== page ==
Two recent news items argue that how professors teach matters more than what they teach. First, the New York Times has profiled ten wildly popular courses at different universities around the USA, including one on cultural anthropology where students participate in an interesting simulation. Enrollment in these courses ranges from a dozen to over a thousand students, pointing out that classes don’t have to be small to be effective — they just have to be taught in a way that gets students interested in learning.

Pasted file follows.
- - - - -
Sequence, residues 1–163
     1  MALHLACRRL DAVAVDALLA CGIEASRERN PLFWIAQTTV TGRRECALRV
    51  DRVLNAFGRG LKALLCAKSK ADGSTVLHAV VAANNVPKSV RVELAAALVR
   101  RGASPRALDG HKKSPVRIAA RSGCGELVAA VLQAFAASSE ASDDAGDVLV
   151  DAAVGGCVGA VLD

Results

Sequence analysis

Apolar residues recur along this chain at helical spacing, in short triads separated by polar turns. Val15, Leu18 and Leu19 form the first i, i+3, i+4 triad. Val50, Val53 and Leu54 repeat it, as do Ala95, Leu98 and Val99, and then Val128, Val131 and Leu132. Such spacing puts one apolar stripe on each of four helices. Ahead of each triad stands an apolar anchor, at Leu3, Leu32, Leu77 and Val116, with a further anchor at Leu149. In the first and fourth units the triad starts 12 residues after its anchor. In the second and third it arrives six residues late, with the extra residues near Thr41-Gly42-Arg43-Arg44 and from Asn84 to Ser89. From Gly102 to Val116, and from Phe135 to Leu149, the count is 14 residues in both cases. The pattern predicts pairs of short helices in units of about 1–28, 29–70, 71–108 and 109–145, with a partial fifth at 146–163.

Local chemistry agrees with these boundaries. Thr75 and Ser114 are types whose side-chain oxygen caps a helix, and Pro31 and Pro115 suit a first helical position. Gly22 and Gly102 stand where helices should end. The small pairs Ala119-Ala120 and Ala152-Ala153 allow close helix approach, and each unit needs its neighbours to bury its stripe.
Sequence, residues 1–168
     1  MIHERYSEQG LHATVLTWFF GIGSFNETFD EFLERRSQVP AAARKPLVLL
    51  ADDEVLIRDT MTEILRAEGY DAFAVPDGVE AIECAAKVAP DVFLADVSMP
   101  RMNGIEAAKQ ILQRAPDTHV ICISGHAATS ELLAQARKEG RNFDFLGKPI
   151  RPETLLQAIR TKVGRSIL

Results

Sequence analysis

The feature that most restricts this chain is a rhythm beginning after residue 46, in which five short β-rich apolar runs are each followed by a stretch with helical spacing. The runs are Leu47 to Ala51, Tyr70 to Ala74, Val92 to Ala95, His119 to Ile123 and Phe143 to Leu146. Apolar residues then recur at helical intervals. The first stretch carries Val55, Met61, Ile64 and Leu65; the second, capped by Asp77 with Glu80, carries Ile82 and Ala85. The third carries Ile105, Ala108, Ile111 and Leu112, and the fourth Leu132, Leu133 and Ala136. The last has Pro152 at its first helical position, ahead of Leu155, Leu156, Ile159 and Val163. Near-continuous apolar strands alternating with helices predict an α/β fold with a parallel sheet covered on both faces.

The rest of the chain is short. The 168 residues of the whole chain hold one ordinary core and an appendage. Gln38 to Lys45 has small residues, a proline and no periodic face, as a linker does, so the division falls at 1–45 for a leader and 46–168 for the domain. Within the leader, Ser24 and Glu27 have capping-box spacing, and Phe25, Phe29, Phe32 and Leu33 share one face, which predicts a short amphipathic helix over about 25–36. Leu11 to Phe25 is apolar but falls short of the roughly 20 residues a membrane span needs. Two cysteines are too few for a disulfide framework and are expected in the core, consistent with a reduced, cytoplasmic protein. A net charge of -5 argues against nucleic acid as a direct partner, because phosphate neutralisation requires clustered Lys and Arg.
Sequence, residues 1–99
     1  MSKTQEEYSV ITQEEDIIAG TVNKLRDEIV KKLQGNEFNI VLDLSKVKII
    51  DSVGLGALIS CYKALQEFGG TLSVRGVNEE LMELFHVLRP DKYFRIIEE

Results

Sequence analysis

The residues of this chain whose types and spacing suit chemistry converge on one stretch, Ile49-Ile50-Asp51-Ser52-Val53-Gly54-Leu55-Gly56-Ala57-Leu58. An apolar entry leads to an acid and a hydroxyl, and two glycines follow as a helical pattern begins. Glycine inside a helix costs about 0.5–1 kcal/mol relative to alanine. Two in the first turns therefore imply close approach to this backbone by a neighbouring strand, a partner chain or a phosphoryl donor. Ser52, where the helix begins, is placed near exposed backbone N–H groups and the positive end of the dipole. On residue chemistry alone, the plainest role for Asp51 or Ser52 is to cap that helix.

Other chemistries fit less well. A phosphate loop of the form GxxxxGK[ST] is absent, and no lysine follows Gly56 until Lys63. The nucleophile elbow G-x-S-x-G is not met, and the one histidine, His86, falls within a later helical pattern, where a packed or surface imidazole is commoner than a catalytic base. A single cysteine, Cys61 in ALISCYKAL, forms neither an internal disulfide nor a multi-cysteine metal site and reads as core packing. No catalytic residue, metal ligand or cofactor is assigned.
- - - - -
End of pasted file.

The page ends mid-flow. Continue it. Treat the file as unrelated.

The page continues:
Second, Inside Higher Ed discusses the research of Christopher G. Takacs and Daniel F. Chambliss. Their work suggests that an inspiring professor in an introductory course influences a student’s choice of major more than disciplinary content.
If only doctoral programs and the tenure process took the above processes into account . . .